Braised brisket, the classic dish for Passover or St Patrick’s Day, is tender and moist thanks to a long oven braise with onions, mushrooms and sweet wine.
Boiled beef? Yuck
I’ve discovered braising thanks to the lovely Salt, Fat, Acid, Heat book by Samin Nosrat and I can’t get enough. I’ve braised pork and gammon and lamb and now the time has come for beef.
As much as I love pork or lamb stews I was never that keen on beef cooked this way, bourguignon or otherwise.
‘Boiled beef!’ - I’d snort explosively; the meat both soggy and dry at the same time is surely not to be appreciated. I would waver in my derision when it came to pastrami and salt beef, but I was in denial of the cooking method. ‘Cured, that’s different’ - I’d state decisively and refuse to know.
Appraise the braise
As so many times before, I was proved devastatingly wrong: it is to be much appreciated if treated right.
Braising is a poor man’s trick, and beef brisket is not a cut of choice. Traditional staple on St Patrick’s Day or for Passover, those folk did not historically feast on roast sirloins.
It’s a tough old boot, is brisket and so it requires coaxing into tenderness, for hours, plied with sweet wine.
The choice of aromatics is free but I’ll say this particular selection makes very good sauce. And sauce is a must: sweet wine or not, it will still be on the dry side when sliced and treated as a roast joint.
We had the leftovers shredded and turned into tacos and that was the perfect follow-up to a glorious dish.
What cut is brisket?
Brisket is the cut from the breast of a cow, above the front legs. It is roughly speaking the cow’s pecs, and because cattle don’t have collar bones, those breast muscles work hard to keep Bessie upright or down right, grazing.
And obviously, the more hardworking the muscles, the tougher the meat.
That’s why, when it comes to cooking brisket, the common methods combine smoking and barbecuing, as in Texas, or boiling, braising, pot-roasting and pressing, as in the British, Jewish, Korean or German cuisines.
How to marinate brisket?
This is a sort of dry marinade, which consists of salt and pepper generously, plus lots of crushed garlic, mustard seeds and herbs.
The active tenderising ingredient here is salt, and the aromatics add flavour. The meat needs to sit in the fridge overnight and up to two days.
You could put together fancy marinades but in my view it is the sauce that will give the meat its flavour, when served. And the sauce will be created through braising the brisket with some fragrant ingredients.
What to braise brisket with?
Plenty of onions, some dried wild mushrooms and half a bottle of inexpensive dessert wine – that’s the best combination for the brisket braise.
When you sit the browned meat on top of those ingredients, like on a bed, they will cook down and almost dissolve, imparting the taste and flavour into the liquid, thus making an incredible sauce.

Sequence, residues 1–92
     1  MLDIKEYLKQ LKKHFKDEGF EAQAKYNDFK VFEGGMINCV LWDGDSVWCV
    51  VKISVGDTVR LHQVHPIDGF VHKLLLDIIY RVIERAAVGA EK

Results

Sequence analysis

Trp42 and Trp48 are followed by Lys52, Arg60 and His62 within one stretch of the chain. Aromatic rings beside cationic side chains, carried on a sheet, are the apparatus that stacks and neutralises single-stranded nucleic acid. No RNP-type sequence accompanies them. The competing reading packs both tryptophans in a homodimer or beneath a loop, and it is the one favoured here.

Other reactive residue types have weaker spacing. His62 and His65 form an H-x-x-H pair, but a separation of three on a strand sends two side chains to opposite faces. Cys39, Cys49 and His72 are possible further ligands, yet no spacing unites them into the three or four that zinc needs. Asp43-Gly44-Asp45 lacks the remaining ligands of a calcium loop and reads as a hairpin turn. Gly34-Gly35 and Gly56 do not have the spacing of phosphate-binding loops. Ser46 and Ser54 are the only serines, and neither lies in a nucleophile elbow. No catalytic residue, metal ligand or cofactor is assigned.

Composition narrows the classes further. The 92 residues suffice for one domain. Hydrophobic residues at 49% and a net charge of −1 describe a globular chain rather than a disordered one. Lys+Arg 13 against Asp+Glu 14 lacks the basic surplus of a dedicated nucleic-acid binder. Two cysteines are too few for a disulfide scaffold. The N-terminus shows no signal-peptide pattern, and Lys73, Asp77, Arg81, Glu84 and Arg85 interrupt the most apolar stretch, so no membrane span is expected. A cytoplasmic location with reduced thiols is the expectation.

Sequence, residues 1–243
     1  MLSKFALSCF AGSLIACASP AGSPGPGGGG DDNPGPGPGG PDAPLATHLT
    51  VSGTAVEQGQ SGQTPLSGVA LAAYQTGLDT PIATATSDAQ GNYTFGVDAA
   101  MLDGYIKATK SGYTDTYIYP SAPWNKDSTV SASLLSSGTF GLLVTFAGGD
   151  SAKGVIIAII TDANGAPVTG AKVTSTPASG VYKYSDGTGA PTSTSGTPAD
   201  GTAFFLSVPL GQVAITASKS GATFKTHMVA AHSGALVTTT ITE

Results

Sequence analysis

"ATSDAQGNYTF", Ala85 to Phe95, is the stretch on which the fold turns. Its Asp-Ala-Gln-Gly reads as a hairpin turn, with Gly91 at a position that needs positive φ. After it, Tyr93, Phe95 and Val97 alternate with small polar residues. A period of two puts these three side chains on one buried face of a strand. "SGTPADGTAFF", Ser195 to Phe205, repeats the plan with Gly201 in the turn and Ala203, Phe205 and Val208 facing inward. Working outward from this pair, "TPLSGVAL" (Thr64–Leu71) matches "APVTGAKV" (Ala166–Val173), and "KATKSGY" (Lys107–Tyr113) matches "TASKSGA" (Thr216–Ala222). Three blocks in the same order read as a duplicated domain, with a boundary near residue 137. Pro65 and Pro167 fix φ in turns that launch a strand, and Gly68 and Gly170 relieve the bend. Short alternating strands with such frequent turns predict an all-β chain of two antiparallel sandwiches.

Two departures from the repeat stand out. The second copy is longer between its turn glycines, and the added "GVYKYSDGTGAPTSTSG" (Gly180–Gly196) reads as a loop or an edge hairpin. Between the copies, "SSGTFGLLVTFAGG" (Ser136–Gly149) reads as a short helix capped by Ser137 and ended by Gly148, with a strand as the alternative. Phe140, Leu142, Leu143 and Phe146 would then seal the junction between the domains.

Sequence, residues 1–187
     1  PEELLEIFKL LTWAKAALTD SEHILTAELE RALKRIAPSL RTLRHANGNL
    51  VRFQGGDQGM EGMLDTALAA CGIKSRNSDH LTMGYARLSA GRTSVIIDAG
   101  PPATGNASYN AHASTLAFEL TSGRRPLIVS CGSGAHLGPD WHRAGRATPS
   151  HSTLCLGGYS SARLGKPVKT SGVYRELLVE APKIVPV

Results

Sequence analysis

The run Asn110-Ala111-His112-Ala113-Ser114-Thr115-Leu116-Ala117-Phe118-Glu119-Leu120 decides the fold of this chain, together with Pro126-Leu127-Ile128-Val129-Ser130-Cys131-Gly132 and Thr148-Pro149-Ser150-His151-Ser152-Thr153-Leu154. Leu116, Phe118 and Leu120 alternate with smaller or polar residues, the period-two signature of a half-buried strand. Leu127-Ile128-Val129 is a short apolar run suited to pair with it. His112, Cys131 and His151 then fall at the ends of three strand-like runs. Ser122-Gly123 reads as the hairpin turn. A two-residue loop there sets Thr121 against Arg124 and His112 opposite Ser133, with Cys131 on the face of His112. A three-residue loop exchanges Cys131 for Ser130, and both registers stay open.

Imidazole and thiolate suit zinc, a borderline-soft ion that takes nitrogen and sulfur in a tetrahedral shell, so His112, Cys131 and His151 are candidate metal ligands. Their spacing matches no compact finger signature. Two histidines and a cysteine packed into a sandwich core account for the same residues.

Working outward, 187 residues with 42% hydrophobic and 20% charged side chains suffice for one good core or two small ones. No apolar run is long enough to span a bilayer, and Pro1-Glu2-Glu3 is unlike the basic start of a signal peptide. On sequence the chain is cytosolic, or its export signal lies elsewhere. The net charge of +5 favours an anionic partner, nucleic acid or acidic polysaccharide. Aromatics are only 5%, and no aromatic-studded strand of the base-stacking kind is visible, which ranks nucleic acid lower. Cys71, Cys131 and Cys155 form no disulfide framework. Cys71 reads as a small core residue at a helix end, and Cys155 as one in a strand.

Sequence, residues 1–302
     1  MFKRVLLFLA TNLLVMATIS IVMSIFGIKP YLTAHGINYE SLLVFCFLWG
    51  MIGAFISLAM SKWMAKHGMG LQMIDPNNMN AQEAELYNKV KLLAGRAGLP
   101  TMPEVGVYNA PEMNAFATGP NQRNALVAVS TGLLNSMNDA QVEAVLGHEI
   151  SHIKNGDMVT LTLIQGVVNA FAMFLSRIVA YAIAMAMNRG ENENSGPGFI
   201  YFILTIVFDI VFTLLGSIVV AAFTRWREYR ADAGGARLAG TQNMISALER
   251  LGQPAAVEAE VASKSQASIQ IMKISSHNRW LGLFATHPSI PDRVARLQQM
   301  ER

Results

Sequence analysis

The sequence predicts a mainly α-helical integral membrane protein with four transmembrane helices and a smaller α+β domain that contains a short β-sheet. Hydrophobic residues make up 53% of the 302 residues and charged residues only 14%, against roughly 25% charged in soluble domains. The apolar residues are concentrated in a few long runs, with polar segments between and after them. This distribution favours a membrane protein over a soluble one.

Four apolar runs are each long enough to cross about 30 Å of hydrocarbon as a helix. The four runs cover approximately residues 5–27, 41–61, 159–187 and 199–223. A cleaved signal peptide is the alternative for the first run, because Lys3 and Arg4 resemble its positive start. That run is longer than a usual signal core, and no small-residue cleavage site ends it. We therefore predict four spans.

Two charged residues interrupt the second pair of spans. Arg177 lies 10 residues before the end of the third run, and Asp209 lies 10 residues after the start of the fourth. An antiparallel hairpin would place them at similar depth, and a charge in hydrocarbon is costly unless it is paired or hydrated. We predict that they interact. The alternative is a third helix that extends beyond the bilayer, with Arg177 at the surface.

How long does it take?
Brisket needs to be browned thoroughly before going into the braise and the oven, and I like to scorch the onions as well. The flavour of browned onions is imperative for the sauce.
When everything’s seared and ready to go in the oven, the wine can be added about to halfway up the brisket. Don’t use more than half a bottle of wine: top the liquid up with water if it’s short.
For the first hour the meat braises covered, after that the lid comes off. Try to turn the meat over every half an hour or so, so it braises evenly. After about four to five hours, it should be fork-tender.
And then it can rest for a few minutes, while you strain and cook down the sauce a little, if necessary.
More beef recipes
Carne asada, translated as ‘grilled meat’ is a Mexican dish of thinly sliced, marinated and grilled beef. Carne asada can be made from flank, skirt, sirloin or rump steak. Cooked on a grill, barbecue or in a skillet, thinly sliced carne asada is the best in tacos.
Spicy seared bavette steak, seasoned with a dry rub of chilli flakes, oregano, garlic and a secret umami agent: dried mushroom powder.
Best red wine braised short ribs of beef with plum sauce, sweet and tender, called Obama’s short ribs, after the dish served to Barack Obama in a Harlem restaurant.
More braising recipes
Braised pork shoulder with chilies: braised pork roast Mexican style. This beer braised pork shoulder takes four hours to cook and the result is so tender it can be pulled or shredded. Use slow roasting cuts like shoulder or belly.
Oven braised racks of baby back pork ribs with Creole seasoning and maple syrup glaze, cooked for 4 hours into tender perfection.
Quartered pheasant braised with juniper berries, thyme and mace and served with cooked chestnuts – it’s a wonderful, warming wintery dish.